Monday, February 18, 2008

Munshi Prem Chand (July 31, 1880— October 7, 1936)

By Kuldip Dhiman

WHEN Munshi Prem Chand's first collection of short stories was published in 1907, it was promptly proscribed by the British, and later burnt. What better start could a socially conscious writer expect? Three years later Prem Chand struck back with Soz-e-Watan, another collection of short stories. He was once again summoned by the authorities, this time by the District Judge himself. Prem Chand was severly warned, and once again all the copies of his book were assigned to the flames. The authorities did not realise that the more they tried to silence him, the more he was getting drawn into the Freedom Struggle.

Munshi Prem ChandAmong Prem Chand's early influences was M. K. Gandhi, but later on he was inspired more by socialism, although in an interview before his death, he categorically denied that he was a communist. Every author is a product of his times, and usually there are more than one influences upon his work, and thus it is not surprising that Prem Chand's work reftected the struggle between Marxism, Gandhism, and Capitalism.

Born in Lambati, Pandepur, Banaras, Prem Chand's real name was Dhanpat Rai. He got interested in literature after he made friends with Munshi Dayanarayan Nigam, the Editor or the Urdu magazine Zamana. Prem Chand had his first acceptance in 1904, writing under the pseudomymn, Nawabrai.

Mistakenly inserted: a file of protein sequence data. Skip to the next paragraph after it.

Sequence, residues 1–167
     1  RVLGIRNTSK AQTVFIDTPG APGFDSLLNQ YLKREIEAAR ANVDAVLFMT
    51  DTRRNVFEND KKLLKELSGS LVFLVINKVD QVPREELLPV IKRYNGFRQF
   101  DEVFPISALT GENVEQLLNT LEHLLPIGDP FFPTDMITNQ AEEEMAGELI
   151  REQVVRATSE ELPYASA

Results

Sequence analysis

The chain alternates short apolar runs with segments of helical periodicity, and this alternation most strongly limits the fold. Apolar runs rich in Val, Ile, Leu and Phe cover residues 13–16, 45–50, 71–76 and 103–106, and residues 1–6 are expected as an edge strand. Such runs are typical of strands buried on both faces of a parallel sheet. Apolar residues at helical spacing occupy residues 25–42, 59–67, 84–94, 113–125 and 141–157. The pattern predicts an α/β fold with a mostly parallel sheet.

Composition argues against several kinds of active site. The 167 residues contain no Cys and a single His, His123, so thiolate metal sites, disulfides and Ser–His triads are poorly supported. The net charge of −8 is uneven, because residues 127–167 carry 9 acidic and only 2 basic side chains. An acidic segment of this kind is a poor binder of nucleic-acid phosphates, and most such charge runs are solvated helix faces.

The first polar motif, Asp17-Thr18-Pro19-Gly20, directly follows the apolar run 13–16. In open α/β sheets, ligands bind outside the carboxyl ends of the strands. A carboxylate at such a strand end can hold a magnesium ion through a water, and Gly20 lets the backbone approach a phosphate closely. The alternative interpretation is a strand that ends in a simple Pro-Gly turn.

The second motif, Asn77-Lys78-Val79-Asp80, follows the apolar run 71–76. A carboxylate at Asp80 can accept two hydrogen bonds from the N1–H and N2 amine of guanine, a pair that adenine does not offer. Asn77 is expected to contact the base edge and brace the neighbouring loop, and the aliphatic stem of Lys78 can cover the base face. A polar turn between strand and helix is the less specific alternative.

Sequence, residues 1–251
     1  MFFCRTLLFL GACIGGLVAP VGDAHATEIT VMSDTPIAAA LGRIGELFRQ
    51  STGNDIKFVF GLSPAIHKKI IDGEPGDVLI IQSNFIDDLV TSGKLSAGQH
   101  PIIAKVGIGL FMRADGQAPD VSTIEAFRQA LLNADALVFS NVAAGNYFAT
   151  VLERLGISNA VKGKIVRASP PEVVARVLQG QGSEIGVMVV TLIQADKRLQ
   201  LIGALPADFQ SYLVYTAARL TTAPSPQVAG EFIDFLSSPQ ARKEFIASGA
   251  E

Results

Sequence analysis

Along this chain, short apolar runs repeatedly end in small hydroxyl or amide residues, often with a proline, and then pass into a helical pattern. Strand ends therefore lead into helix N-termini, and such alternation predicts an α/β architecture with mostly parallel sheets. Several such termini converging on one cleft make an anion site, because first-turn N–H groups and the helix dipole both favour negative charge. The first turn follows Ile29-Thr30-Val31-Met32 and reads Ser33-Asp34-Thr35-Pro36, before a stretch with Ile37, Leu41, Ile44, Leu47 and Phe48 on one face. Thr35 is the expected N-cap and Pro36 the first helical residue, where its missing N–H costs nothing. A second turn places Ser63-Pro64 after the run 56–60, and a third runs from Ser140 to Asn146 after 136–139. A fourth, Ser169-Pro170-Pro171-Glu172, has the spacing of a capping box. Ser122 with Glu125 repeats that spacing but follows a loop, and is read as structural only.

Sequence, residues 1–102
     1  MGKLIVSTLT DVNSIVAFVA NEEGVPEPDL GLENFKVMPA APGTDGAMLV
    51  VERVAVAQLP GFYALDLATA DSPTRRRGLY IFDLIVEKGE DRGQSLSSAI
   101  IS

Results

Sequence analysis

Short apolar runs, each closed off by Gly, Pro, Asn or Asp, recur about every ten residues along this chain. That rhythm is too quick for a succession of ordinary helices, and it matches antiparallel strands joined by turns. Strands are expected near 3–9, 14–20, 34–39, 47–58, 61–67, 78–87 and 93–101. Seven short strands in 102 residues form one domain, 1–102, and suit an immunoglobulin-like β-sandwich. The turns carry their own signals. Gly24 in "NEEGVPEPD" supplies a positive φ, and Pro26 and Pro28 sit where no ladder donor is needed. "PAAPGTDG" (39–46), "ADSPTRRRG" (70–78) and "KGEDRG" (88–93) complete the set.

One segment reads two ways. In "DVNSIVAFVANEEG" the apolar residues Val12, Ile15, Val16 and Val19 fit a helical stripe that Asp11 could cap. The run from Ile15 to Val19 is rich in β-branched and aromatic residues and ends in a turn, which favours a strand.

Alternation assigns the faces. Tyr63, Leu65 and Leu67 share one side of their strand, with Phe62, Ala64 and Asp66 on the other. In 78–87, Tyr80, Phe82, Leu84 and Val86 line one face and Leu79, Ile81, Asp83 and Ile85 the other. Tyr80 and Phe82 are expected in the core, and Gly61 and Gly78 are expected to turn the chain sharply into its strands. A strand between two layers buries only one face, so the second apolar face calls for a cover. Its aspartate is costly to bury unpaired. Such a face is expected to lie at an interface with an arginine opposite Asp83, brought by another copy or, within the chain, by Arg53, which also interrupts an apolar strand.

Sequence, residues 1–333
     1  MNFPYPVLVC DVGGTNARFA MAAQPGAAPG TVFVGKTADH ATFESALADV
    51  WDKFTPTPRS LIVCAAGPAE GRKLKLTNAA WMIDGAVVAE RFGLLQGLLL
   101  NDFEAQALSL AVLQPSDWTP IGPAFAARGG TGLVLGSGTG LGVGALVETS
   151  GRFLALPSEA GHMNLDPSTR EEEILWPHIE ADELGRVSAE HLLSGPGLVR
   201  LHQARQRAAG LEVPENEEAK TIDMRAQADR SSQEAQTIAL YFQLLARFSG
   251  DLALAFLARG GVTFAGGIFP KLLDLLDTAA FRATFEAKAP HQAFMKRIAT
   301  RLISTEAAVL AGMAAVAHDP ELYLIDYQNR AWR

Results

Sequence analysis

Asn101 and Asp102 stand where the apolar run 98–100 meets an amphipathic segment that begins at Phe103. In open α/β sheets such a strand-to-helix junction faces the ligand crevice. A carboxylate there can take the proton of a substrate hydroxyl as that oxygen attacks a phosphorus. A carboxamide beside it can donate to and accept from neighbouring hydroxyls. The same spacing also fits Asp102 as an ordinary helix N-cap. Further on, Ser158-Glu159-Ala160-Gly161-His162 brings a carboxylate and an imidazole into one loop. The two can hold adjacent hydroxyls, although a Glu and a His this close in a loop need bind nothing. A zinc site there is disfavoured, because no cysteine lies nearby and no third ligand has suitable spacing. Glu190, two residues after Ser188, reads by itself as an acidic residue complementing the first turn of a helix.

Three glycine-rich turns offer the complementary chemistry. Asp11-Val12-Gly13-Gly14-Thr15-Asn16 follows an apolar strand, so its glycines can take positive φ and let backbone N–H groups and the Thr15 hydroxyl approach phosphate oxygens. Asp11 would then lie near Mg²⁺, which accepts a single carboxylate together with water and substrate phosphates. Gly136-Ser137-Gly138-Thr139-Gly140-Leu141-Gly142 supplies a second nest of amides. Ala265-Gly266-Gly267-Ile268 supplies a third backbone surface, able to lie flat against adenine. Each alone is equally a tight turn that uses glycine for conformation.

At a time when Hindi literature was rather overshadowed by its cousin, Urdu literature, Premchand lent respectability to the former by his outstanding work. Writing initially in Urdu, Prem Chand switched over to Hindi and wrote nearly 300 short stories and novels, the most acclaimed of them being: Sevasadan, Rangmanch, Godan, Gaban, and Nirmala.In Nirmala (1925) he vividly portrayed the evils of the dowry system. Godan (1936), was published in the year of his death is a moving portrayal of a poor peasant. Mukti Marg is the struggle between a landlord and a poor shepherd. A gifted writer that he was, he could vividly describe the plight of the poor even in a short story of a few pages like Kafan. Dogged by poverty all his life, he did try his luck in Bombay to become a script writer, but was soon disillusioned with the workings of the film industry.

No comments: